Beal with Nick Billingham

Beal with Nick Billingham

Mr Billigham had affairs before and moved out of the home, but the couple had reconciled, the court heard. 

Mr Davies said: ‘Central to the plan was knowing that after stabbing him, if she claimed she had Covid, she would have 10 days to bury him and cover up her crime.

‘And that’s exactly what happened. She was thinking about what time was best to do it, whether he would be snoring, but she knew or visualised it would be by stabbing him ”left to right, down slight right”. And that’s what she did – she stabbed him in his jugular vein in his neck.

‘On 1 November she manufactured a positive Covid test result- all you had to do was complete the NHS questionnaire online app self-report a positive test.

‘There is no evidence she ever did a PCR test. Her actions in the next 10 days are wholly inconsistent with having the exhausting effects of Covid which she was claiming to be experiencing.’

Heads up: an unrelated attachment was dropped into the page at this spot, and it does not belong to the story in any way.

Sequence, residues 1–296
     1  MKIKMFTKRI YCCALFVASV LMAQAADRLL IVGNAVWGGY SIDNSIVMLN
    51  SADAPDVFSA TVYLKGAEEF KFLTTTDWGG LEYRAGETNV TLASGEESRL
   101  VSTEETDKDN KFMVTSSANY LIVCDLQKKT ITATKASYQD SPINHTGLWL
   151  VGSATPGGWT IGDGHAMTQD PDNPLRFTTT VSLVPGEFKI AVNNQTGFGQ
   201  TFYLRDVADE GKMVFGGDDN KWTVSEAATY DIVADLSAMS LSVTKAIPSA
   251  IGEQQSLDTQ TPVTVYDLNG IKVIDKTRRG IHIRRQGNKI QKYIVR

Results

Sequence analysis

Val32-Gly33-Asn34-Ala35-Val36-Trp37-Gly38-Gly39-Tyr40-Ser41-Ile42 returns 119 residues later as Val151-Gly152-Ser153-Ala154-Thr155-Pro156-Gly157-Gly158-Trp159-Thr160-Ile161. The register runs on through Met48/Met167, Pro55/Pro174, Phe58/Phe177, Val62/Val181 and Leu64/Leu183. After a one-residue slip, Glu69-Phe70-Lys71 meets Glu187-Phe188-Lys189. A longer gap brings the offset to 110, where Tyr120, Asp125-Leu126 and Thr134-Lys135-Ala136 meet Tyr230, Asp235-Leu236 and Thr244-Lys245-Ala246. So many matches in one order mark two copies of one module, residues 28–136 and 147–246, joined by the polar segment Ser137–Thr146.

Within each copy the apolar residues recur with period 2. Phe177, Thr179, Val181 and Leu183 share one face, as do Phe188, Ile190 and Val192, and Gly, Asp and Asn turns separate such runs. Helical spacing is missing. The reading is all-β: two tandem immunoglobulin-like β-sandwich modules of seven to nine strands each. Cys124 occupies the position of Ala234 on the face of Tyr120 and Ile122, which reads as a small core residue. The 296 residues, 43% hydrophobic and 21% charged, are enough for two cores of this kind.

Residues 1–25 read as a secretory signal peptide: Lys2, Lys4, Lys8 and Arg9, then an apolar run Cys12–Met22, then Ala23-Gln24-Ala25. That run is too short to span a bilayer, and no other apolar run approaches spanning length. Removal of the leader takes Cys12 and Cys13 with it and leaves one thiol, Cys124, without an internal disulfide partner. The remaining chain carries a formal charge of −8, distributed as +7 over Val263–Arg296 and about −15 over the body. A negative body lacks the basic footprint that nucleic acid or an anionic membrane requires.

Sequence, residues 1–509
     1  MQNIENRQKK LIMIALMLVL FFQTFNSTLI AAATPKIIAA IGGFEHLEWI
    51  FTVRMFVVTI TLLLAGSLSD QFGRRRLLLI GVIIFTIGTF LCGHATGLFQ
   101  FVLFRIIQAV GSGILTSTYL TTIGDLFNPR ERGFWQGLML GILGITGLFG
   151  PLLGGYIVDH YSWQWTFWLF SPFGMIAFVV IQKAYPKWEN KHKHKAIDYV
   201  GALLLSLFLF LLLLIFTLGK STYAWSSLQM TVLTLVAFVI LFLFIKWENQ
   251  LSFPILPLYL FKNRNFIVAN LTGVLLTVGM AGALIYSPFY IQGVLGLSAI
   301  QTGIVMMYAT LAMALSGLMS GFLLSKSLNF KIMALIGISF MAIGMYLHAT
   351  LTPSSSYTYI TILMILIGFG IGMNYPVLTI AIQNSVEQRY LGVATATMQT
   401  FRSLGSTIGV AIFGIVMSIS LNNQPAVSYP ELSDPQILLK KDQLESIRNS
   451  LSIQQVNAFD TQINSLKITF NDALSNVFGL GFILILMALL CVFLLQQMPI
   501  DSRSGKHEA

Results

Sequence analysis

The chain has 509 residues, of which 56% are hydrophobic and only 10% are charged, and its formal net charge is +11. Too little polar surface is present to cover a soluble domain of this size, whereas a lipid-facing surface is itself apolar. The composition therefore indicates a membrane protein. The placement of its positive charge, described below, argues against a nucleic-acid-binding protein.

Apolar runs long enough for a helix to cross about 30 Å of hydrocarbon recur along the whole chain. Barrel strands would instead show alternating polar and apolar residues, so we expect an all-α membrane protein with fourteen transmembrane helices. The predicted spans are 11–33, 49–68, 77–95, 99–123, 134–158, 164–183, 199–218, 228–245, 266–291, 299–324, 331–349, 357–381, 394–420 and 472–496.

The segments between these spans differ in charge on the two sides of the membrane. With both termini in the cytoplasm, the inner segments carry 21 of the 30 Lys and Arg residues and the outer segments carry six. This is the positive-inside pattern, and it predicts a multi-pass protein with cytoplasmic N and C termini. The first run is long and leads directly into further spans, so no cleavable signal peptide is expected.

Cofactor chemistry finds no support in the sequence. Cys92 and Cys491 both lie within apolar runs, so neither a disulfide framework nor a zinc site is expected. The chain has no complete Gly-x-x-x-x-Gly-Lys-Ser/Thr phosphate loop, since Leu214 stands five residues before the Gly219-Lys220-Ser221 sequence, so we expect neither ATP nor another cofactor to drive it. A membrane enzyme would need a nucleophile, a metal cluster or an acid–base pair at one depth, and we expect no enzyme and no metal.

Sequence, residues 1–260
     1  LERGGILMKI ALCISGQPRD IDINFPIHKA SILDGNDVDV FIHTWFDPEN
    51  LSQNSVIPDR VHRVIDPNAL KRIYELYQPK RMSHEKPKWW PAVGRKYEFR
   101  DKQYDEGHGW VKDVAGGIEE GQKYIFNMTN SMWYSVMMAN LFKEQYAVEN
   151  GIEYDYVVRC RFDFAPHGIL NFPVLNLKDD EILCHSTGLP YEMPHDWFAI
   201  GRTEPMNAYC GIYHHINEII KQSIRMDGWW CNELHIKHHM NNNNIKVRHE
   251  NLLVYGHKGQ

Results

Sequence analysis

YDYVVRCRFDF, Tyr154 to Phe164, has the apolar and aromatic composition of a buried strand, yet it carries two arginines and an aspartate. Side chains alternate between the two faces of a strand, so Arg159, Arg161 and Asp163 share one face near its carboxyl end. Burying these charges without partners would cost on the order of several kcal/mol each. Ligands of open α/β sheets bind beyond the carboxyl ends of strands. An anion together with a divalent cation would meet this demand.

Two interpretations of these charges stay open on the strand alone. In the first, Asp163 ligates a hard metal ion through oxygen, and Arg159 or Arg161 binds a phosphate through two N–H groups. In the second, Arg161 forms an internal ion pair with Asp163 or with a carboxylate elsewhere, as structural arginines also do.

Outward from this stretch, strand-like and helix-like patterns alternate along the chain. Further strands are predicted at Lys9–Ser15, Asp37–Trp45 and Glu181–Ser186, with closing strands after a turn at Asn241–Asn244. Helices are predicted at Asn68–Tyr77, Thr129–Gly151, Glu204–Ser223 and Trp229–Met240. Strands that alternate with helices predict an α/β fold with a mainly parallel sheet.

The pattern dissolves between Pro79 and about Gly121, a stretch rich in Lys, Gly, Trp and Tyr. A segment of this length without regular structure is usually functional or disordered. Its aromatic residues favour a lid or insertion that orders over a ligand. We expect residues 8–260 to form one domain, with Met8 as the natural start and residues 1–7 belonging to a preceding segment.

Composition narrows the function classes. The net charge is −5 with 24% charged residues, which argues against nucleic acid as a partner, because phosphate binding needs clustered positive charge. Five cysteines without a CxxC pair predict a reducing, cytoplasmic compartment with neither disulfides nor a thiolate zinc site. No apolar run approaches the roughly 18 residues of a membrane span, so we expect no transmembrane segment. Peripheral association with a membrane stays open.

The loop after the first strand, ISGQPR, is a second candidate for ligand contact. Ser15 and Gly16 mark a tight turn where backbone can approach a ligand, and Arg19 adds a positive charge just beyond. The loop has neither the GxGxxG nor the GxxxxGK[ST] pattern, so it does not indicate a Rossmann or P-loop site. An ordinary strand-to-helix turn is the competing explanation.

He continued: ‘She murdered him in their bedroom late on 1 November. The clean-up started as early as 01.07am on 2 November. Using her dead partner’s account, and then hers on Amazon, she bought multiple cleaning products, including for Venetian blinds, a new mop and bucket, ultra heavy duty bin bags, a new mattress, bedding, clothing, wall art and mirrors.

‘This is considered, controlled, conduct that is on the one hand intrinsically practical, and on the other indulgent.

‘It is the more so given she must literally have watched her partner bleed to death in front of her.

‘Later that same day she changes a Tesco order, itself already containing multiple cleaning products, to add three rolls of duct tape.

Beal leaving B&Q in Northampton